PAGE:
QUOTE (PhilCo126 @ May 14 2006, 11:46 AM)
What was the first animal to fly onboard a rocket ?
There were many mice flown aboard V2s from White Sands in the late 1940s - there are even in-flight cine films of them floating free in their container (often just a strangely shaped metal box sized to fit into the payload section wherever some free space was to be found). Few of the early mice flights saw the animals return safely to earth, and doubtless they'd have been killed at once and dissected if they did survive, so no luck Mickey! Other flights of small monkeys were attempted, and these also often ended in death for the hapless animals - sometimes simply due to suffocation. Fruit flies were also regularly flown on a whole range of rockets and balloons (mostly seeking radiation damage data). Many V2s were recovered more-or-less intact (though flattened) by the simple expedient of blowing off their nose-cones in flight, which made them tumble to the ground rather than going straight in, and biological experiments and film were regularly recovered this way - parachutes etc just didn't work very well.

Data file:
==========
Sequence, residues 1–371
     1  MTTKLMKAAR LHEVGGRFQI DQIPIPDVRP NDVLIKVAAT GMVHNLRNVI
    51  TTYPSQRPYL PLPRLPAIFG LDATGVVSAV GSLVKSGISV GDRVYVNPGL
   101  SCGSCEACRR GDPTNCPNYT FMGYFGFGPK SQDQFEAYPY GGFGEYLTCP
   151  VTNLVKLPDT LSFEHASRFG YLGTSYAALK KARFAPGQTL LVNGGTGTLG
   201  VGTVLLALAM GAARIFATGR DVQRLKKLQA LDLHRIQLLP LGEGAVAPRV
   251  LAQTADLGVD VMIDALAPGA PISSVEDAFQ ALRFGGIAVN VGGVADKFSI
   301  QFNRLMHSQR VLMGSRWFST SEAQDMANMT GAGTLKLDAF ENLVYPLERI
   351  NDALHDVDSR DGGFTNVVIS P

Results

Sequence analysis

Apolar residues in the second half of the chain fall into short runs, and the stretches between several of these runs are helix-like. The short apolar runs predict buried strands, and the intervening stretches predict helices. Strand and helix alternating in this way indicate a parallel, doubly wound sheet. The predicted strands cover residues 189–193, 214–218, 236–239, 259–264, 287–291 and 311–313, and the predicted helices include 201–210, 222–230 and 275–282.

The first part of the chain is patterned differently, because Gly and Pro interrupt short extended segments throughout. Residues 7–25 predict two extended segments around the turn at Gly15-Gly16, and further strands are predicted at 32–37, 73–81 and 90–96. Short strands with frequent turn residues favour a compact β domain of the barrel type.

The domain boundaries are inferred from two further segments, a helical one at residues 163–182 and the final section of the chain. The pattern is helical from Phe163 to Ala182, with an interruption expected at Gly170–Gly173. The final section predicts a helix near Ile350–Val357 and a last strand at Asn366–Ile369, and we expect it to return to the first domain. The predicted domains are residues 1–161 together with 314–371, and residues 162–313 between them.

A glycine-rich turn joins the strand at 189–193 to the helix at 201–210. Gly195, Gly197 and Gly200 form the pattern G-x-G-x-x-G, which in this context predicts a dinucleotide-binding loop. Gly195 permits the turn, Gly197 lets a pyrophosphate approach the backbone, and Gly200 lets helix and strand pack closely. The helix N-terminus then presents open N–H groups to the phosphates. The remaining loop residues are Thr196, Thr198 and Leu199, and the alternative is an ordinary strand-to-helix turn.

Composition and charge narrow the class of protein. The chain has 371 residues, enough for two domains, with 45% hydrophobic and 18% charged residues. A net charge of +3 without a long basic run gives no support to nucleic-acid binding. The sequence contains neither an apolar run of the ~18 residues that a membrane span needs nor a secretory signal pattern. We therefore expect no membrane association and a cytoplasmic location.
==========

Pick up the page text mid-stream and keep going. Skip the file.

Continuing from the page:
The Soviets tended to use dogs on their V2-derived geophysical rocket flights, some of which appear to have survived, though there's not a lot of documentation other than those famous posed shots of the dogs and the research payload, with the happy dogs posed in their cute little rocket hatch.
Perhaps the strangest animal story relates to Columbia. Months and months after it was destroyed, a lump of debris was found. This was the still-sealed package which had contained lots of little live worms, presumably in the SpaceHab module. The worms survived the breakup of Columbia and the impact with the ground, but by the time they were discovered all the original worms had died - of old age! The thousands of remaining worms were their descendants, and were still healthy and living productive wormy lives. This may qualify as the first 'generation' spaceship!
As for the first animals launched into space... ...it has to have been flies. And not in the 1940s, but the 1930s. Peenemunde was forested, and would have been full of little flies, some of which must have found their way to the V2s (and even their predecessors!), drawn by the taste of alcohol on the breeze. I'm sure that some flies found their way into space that way, though of course it'd be difficult to prove.